One of the year’s most active meteor showers, the Perseids, will peak overnight Saturday into Sunday and Sunday into Monday, with 60 to 70 meteors per hour. But lots of Gizmodo readers live in cities. So, inspired by a friend’s tweet, I wondered – will city dwellers see the meteor shower?
The short answer is, if you find a dark spot away from the streetlights and get your eyes adjusted, weather permitting, you might be able to see some. The show gets better further from the lights.
First off, the Perseids are an annual meteor shower caused by dust, left over from the 109P/Swift-Tuttle comet, streaking through the atmosphere. The name comes from fact that the meteors appear to shoot out from the Perseus constellation. The shower is known for its large quantity of meteors, including the possibility of bright fireballs. It’s best seen in dark skies after 10pm, with more meteors closer to dawn.
So how dark should the sky be?
One paper from 1956 found that many of the meteors were brighter than a magnitude of 5, and many brighter than a magnitude of 3. If that’s accurate, it means that if you can see the stars of the Big Dipper, you should be able to see many of the Perseid meteors, astronomer Steven Bellavia from Brookhaven National Laboratory told Gizmodo.
But meteor magnitudes work a little differently from star magnitudes, University of Chicago astronomy professor Leslie Rogers told Gizmodo, since the meteors also have streaks. Bright city lights might still obscure some of the more interesting parts of the show.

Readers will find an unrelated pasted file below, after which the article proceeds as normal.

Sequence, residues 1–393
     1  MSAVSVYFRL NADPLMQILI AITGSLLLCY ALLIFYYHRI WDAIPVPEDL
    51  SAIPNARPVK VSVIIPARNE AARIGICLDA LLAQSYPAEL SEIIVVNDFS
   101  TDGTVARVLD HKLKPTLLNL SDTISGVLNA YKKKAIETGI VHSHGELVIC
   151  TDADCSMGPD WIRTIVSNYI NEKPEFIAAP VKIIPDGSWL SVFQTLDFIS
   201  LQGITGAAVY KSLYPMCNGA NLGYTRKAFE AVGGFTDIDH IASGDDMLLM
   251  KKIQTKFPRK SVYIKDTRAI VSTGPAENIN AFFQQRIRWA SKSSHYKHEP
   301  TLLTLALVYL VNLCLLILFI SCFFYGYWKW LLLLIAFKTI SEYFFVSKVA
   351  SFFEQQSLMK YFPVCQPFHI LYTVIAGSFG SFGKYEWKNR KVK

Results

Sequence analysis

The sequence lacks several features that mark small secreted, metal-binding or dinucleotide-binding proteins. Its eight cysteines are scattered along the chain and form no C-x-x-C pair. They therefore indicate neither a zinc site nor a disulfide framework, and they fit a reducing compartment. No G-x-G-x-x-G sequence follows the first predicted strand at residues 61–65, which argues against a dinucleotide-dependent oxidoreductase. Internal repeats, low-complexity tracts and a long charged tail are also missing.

But if you just look up while you’re walking on the pavement, you still probably won’t see them. “Even if the sky is dark enough, if you are exposed to any bright light nearby, your eyes will not be dark-adapted,” said Bellavia. If you’re out looking for meteors in the city, it’s worth finding the darkest spot you can, far from streetlights, and getting your eyes used to the dark for a half hour or so.
Even if you find ideal urban viewing conditions, there are a lot of other factors that can affect whether you see meteors, including whether the sky is clear and the properties of meteors themselves. Speaking from experience, I used to watch the show as a kid living a mile from New York’s JFK airport, and I generally saw a handful of meteors from my backyard with all the house lights turned off.
But considering that only about 10 per cent of the UK is urban, most of us shouldn't have a problem finding a darker spot to go look at the skies from. Good luck out there, and if you get any good shots of the meteors, feel free to post them in the comments!